‘Mynerva’ teaching platform lets professors design the perfect lesson

A new platform from the University of Michigan is designed for instructors who wish to combine conventional learning materials with digital assessments and tools.

A professor and former student at the University of Michigan have developed a new interactive platform that combines conventional learning materials with digital assessments and tools.

The cloud-based platform, called Mynerva, allows instructors to customize lessons based on a system of “codices,” presenting material to students as they’re ready for it. Each codex can be built using various types of questions — such as multiple choice quizzes or auto-graded exercises — that students must answer before advancing to the next section.

“Our vision is an interactive computational textbook platform designed to stimulate deeper conversation between students and the material they are attempting to master,” Raj Nadakuditi, one of the tool’s creators, and a professor in the university’s electrical and computer engineering department, told the university. “We also want to enable a dynamic experiential conversation with the learner, where the material is revealed as the student progresses and is ready for it.”

Nadakuditi and Travis DePrato, a recent University of Michigan alumnus who helped build the tool, said they will license the technology via their new company, Minerva, Inc. The duo have been developing the project for several years.


Faculty using the tool to create course materials will have free access to the platform, while students will likely pay a subscription fee for access, though developers said the cost will be less than that of a traditional textbook.

Initially, Mynerva was developed as an extension to Jupyter Notebook, an open-source web app used by scientists and researchers to share code and data. Citing limitations with the original code, DePrato and Nadakuditi eventually transitioned to developing their own standalone project.

“I hope that Mynerva gives computational instructors the tools to be able to realize the kind of book they always wish they had, but didn’t know how to write,” Nadakuditi said.

Professors can hide or lock certain portions of their lessons so that the student must progress through the course before accessing more advanced information.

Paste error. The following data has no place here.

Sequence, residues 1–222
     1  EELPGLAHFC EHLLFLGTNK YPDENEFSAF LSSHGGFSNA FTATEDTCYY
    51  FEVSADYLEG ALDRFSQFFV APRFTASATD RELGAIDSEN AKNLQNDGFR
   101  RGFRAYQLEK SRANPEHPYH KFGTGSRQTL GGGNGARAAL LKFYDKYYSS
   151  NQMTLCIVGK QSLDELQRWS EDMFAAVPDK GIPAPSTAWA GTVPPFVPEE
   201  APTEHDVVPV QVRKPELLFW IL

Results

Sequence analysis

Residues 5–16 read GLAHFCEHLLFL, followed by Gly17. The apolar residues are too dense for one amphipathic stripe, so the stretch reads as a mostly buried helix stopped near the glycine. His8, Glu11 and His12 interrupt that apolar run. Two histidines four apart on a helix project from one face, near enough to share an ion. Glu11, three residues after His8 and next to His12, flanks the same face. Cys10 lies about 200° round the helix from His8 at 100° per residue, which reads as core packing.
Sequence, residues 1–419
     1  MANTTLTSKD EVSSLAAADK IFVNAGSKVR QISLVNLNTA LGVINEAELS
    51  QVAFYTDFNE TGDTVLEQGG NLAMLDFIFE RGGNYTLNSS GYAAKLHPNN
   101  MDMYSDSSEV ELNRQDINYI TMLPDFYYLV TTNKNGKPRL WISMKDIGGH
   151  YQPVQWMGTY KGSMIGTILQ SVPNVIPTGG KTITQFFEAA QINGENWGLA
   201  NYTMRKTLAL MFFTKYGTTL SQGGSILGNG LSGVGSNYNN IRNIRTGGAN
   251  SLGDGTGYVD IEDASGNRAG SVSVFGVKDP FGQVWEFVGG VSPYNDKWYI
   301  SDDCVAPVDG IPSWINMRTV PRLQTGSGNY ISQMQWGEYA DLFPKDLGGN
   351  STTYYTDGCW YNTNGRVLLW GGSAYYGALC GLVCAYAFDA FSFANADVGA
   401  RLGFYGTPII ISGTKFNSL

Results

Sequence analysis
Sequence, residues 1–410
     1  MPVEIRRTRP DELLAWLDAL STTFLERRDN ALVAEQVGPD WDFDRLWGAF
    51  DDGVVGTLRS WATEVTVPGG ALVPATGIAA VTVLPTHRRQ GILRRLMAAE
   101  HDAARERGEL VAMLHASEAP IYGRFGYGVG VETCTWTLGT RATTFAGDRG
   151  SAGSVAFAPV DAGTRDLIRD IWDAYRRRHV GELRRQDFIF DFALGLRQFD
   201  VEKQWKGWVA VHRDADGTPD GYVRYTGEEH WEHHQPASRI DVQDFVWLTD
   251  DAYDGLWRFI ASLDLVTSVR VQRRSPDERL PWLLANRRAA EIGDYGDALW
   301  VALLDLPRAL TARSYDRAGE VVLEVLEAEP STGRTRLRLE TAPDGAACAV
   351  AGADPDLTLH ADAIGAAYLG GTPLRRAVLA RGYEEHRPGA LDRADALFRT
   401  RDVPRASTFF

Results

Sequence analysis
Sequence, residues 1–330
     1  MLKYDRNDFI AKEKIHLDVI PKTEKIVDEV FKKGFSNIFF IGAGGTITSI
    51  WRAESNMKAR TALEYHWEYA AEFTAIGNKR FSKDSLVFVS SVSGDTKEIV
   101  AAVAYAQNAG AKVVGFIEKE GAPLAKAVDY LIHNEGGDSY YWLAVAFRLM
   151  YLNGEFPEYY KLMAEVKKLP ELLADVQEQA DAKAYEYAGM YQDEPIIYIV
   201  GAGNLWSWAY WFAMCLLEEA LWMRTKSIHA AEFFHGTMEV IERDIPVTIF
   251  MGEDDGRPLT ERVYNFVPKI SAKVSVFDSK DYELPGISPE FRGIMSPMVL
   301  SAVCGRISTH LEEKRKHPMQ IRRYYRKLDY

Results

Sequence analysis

“Instead of dumping loads of information all at once, [the platform] nudges the student forward, bit by bit, just at the point when they’ve shown they’re ready to move on,” DePrato said. “Through this format, the author is able to be virtually by their students’ side through the learning process.”


While the interactive textbook framework is currently targeted at computational studies, both Nadakuditi and DePrato said the tool could be used for other subjects. Nadakuditi said he uses Mynerva in all of the courses he teaches.

“With Mynerva, you get to create this story for learners to go through and explore the data in really powerful ways that you don’t get by just giving them, for example, a PDF or a link to a static web page,” DePrato said. “We want to empower instructors to make really powerful interactive content for their students.”

The creation of an interactive textbook is not unique to the University of Michigan. Traditional textbook manufacturers like Pearson have forged partnerships with companies like IBM to integrate AI into digital versions of textbooks that included other personalized learning elements like quizzes. Those digital textbooks come at a significantly lower price compared to their printed counterparts.

Jake Williams

Written by Jake Williams

Jake Williams is a Staff Reporter for FedScoop and StateScoop. At StateScoop, he covers the information technology issues and events at state and local governments across the nation. In the past, he has covered the United States Postal Service, the White House, Congress, cabinet-level departments and emerging technologies in the unmanned aircraft systems field for FedScoop. Before FedScoop, Jake was a contributing writer for Campaigns & Elections magazine. He has had work published in the Huffington Post and several regional newspapers and websites in Pennsylvania. A northeastern Pennsylvania native, Jake graduated magna cum laude from the Indiana University of Pennsylvania, or IUP, in 2014 with a bachelor's degree in journalism and a minor in political science. At IUP, Jake was the editor-in-chief of the campus newspaper, The Penn, and the president of the university chapter of the Society of Professional Journalists.

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